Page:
Life in Osaka – Day 1

 

こんにちは!: hello!

This will be the first entry into a semester long daily blog about living in Osaka, Japan. Unfortunately I haven’t had really stable internet until today (April 1st) so I couldn’t post these blogs for a week, but I will be posting that week anyways and writing from a perspective of that day. Thankfully, I took tons of pictures.

Today (March 25th), I left Reno for my study abroad experience. It has been nearly a year of planning and working towards going to Osaka, Japan and it will finally pay off. I will be traveling with two other people, Bianca and Jay, who will be featured here often. We all began the day at 4AM with an excited goodbye to our parents. We then flew for 30 minutes to SFO, where we spent 5 grueling hours eagerly anticipating our time in Japan. We saw some cool stuff while we were there too.

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Grid: Realtime Online Strategy Source Available

After about a half year of having the app up on the store, I figure it’s time to put the source code up. It’s not really a lot to gawk at, but it may serve useful for those who are looking to set up Google Play Game Services with LibGDX. The app was made hastily for a class I was taking, so the code is definitely messy and has more than a few serious design flaws in it. If you’re looking to find a project to build off of, this might not be it. But it does harbor an example of a multiplayer LibGDX android experience. If you want to properly compile, you’ll have to hook up the code with the Google Play Game Services “BaseGameUtils” project. There’s a good tutorial on how to do this here.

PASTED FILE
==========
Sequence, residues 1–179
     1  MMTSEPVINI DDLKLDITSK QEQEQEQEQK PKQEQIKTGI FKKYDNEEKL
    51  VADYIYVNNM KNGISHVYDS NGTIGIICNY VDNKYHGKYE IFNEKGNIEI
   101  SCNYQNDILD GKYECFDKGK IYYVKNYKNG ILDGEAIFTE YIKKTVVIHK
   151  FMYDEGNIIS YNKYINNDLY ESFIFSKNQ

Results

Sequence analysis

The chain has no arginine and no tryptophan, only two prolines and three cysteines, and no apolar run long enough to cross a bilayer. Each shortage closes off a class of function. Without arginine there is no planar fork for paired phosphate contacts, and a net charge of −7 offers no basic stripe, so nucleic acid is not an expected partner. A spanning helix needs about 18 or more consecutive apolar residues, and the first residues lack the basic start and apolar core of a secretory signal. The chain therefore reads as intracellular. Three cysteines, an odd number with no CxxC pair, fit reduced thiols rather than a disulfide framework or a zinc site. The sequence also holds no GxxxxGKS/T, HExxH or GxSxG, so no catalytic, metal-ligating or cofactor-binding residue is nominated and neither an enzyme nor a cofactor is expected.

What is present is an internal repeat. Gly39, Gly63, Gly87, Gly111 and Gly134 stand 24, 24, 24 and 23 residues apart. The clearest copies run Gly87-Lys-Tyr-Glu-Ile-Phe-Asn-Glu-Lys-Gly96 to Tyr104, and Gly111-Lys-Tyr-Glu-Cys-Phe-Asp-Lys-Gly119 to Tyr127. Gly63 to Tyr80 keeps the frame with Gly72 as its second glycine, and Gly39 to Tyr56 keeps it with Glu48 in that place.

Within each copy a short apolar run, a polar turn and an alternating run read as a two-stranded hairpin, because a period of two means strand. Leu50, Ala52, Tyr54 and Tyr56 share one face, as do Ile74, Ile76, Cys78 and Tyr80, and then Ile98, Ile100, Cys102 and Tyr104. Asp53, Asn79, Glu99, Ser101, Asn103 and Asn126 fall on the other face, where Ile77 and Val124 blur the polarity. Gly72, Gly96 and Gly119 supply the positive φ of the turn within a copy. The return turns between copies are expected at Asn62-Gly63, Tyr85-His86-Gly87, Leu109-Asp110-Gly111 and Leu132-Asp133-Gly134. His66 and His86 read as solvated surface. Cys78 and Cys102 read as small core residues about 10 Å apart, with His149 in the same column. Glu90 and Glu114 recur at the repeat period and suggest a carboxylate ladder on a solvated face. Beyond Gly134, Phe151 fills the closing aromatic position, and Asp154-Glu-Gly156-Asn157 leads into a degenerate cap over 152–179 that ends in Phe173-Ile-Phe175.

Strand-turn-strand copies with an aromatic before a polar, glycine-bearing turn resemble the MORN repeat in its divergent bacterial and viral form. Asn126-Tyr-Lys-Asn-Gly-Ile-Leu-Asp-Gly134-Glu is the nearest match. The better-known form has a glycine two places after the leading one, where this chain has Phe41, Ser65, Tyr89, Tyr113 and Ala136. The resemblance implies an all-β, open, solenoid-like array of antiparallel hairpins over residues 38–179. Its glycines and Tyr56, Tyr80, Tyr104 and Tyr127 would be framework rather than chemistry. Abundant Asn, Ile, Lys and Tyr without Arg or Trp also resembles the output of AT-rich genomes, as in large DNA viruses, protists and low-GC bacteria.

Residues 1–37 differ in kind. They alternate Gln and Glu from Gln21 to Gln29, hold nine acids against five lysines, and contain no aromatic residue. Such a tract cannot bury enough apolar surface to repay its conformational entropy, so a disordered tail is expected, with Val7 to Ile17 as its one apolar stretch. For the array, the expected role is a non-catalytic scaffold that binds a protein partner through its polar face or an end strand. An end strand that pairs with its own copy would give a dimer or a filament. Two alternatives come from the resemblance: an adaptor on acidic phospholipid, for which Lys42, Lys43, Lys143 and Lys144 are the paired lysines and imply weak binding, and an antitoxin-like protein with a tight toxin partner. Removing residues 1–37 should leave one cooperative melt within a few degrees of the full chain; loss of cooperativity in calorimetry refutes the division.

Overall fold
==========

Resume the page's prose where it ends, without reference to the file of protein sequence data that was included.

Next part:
You can find the source on my Github, or by following this link.

 

I hope this has been useful!

Puzzle Pirates Foraging Bot – Lessons Learned

A year ago I decided to stop working on the old version of my Foraging bot. It worked okay with a search rate of around 1.5 seconds at a brute force depth of 4. It did have some issues due to the way it was threaded, and it got stuck occasionally, but it did the job. It could attain GM with help from humans.

Since then, I’ve again picked up the keyboard and started working on a completely different approach to solving the puzzle. It’s hard to talk about the way I solve the puzzle without feeling like I’m giving away too much, but it’s a combination of a few separate solving systems working asynchronously.

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Puzzle Pirates Treasure Drop Bot “Avarice” Progress Dump

The last few weeks I’ve been hard at work designing a couple new methods to increase performance in the simulation and information gathering code, finishing the simulation system, and re-working the higher level AI solving method.

I’m happy to report that the board simulation is now completely finished. I really underestimated how much of a pain it would be to get the “doubling” coins to simulate properly. Thankfully, it’s now running somewhat optimally. There are still a lot of things I could do to improve performance, but it ran fast enough with a trial AI that I haven’t had a real need to take a look at it again too much. I did swap out one of the data structures I was using to store propagating moves though. I think there is a better candidate, but I’ll find out if I need to.

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